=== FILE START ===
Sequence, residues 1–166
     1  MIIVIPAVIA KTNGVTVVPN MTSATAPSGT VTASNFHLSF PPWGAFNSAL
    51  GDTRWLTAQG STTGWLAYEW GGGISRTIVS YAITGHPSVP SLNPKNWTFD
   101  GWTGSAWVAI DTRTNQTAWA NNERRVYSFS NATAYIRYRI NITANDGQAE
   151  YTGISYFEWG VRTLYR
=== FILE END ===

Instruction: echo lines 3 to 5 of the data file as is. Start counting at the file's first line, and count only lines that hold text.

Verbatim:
    51  GDTRWLTAQG STTGWLAYEW GGGISRTIVS YAITGHPSVP SLNPKNWTFD
   101  GWTGSAWVAI DTRTNQTAWA NNERRVYSFS NATAYIRYRI NITANDGQAE
   151  YTGISYFEWG VRTLYR